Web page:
Every so often a garden needs renovating from tired plants or ones that like to gallop away throughout the bed. This was the case for my woodland garden, a small area behind the shed which is densely shaded by the chokecherry grove the birds planted for me.
Recently I attended a seminar called 'Shady Ladies' which prompted me to take stock of the plants and introduce some new ones. A woodland setting has rich humusy soil with the degree of shade full to partial so the first thing I did was cut back overhead branches to let in more light. Then I pulled out almost all of the plants because they were already elsewhere in a shade garden.
I introduced some native ferns; ostrich, marginal wood and maidenhair.
The soft and lacy looking maidenhairA non-native fern for us but native to Japan and China is the Japanese Painted fern. There are several named varieties with silver/green foliage and burgundy stems.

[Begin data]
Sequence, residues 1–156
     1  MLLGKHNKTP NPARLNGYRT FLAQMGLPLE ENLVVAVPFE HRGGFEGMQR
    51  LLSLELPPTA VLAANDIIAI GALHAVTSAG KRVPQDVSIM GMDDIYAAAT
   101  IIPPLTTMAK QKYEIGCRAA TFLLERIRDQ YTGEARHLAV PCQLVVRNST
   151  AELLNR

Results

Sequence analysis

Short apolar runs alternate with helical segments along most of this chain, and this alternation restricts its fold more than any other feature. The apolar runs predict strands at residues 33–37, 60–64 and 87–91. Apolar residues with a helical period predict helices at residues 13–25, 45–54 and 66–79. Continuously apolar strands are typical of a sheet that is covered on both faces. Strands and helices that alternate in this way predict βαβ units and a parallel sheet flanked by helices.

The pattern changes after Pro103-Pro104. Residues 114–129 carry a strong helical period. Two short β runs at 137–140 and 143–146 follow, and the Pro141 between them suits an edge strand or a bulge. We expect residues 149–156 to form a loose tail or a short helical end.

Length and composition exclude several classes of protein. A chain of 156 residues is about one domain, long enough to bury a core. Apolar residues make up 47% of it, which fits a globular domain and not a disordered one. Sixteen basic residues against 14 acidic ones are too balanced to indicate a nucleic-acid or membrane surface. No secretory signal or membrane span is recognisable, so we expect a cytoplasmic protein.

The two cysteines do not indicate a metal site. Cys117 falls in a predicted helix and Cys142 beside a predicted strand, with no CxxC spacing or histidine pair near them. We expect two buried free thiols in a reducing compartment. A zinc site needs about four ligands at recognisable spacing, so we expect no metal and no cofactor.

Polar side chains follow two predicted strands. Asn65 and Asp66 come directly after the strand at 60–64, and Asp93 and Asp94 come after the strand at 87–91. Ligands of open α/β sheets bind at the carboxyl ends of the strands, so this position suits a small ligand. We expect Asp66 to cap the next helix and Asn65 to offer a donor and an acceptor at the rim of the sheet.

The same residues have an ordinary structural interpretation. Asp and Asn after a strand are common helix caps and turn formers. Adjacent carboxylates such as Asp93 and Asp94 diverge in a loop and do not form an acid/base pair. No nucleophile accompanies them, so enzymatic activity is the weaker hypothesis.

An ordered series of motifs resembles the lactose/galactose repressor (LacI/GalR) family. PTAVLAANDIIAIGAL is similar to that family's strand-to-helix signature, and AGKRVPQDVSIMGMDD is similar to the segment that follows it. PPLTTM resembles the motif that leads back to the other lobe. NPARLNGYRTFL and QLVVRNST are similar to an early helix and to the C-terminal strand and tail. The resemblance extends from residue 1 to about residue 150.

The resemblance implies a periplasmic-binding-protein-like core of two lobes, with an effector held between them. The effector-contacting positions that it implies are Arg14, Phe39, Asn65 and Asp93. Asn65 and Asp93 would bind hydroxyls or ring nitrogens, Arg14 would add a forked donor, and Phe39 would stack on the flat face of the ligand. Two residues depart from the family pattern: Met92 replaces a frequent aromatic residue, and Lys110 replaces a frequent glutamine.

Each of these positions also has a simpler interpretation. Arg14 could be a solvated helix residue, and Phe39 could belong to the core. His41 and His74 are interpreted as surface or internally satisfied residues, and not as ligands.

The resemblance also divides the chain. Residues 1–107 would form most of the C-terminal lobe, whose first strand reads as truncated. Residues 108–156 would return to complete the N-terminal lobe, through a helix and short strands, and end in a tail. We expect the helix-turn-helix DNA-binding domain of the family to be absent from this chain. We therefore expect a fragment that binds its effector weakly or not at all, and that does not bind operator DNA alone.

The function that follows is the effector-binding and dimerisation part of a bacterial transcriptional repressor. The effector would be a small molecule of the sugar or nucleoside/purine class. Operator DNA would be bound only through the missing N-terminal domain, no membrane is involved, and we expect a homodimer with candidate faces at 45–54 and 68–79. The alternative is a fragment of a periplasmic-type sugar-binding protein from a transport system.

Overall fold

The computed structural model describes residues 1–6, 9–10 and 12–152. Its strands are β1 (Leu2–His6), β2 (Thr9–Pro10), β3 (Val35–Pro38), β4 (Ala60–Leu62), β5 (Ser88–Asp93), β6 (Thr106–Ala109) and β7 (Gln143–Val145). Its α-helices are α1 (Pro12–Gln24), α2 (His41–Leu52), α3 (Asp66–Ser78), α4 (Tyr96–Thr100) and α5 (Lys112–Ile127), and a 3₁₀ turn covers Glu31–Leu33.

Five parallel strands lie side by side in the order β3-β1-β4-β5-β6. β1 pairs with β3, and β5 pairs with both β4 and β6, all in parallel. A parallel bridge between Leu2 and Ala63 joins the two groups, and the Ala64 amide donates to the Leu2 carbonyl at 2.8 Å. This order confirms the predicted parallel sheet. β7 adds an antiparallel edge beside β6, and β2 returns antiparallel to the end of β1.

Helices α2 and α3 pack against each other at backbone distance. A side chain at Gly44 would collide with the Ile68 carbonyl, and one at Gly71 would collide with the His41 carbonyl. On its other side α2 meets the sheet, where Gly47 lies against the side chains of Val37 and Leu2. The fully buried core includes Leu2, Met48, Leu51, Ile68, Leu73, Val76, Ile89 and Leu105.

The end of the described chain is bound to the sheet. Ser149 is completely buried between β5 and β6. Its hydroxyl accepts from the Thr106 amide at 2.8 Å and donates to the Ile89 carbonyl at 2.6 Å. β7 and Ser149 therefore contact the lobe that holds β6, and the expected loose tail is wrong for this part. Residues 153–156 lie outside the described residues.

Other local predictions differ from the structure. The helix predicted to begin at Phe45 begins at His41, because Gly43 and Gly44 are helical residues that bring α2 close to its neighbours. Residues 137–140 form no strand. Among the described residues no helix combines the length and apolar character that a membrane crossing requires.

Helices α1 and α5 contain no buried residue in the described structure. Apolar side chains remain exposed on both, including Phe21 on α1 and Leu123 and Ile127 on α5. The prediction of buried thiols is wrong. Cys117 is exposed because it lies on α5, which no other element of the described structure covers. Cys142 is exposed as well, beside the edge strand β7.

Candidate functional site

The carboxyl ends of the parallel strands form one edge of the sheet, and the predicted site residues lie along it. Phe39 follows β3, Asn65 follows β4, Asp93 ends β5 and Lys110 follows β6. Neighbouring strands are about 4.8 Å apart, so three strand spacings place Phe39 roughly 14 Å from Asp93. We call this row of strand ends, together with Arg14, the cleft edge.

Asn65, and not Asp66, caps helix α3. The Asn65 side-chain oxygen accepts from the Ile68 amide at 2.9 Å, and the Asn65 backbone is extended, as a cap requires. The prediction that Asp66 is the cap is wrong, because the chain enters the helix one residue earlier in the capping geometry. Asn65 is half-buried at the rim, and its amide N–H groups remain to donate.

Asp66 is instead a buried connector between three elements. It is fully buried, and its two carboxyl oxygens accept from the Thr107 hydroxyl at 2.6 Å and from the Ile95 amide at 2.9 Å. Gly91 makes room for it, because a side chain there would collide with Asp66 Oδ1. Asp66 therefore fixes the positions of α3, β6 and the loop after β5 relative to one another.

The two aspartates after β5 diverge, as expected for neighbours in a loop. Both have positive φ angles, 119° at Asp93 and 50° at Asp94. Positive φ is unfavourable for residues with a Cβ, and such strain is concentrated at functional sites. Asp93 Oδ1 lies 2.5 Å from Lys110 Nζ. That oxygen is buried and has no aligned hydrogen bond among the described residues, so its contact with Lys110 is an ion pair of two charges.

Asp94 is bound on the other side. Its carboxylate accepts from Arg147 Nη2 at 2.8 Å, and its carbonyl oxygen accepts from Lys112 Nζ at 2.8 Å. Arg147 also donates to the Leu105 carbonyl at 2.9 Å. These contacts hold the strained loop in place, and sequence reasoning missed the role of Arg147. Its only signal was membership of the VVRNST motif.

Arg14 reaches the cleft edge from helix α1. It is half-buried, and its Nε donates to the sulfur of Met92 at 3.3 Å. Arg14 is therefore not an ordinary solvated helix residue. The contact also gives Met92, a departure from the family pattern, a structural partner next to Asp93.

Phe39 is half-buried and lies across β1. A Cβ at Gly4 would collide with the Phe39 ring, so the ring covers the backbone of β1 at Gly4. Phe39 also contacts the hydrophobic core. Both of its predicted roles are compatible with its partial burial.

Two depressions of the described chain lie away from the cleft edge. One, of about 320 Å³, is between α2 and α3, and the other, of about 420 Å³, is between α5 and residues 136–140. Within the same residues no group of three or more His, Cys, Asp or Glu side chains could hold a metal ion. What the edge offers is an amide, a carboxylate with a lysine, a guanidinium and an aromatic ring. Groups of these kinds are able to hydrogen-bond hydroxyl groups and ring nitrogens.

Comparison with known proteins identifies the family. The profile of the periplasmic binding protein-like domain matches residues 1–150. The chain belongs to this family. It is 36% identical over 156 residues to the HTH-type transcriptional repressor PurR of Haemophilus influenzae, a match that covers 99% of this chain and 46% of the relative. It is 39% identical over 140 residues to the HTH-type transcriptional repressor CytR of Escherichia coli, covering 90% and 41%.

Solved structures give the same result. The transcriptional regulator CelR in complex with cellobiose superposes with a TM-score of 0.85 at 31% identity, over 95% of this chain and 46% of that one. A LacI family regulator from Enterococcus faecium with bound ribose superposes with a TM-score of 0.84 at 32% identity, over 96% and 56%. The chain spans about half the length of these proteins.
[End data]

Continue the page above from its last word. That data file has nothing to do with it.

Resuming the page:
Japanese painted 'Silver Lace'Barrenwort (epidmeium) will naturalize into a colony in dappled shade and I purchased E. x versicolour which is clump forming with copper flushed leaves. Small yellow orchid-like flowers around appear about the same time as the leaves.
Web sourceI also picked up wintergreen, a 10-15 cm tall native plant that will spread to a nice sized clump. The red berries overwinter and are edible as are the wintergreen flavoured leaves.
Web sourceHaving several varieties of dogwood already, the 5-15 cm high bunchberry which can be found in wooded areas also seemed a good choice to add to this garden. It has tiny white flowers in summer that turn into red berries in July.
The woodland garden; newly renovated with starter plants, and once it fills in will take care of itself. The hepatica stills has a few wayward leaves before it disappears for the summer and I may move a few more small native plants back here.
Any tantalizing shady ladies in your garden?
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Fertilizer Friday at Tootsie Time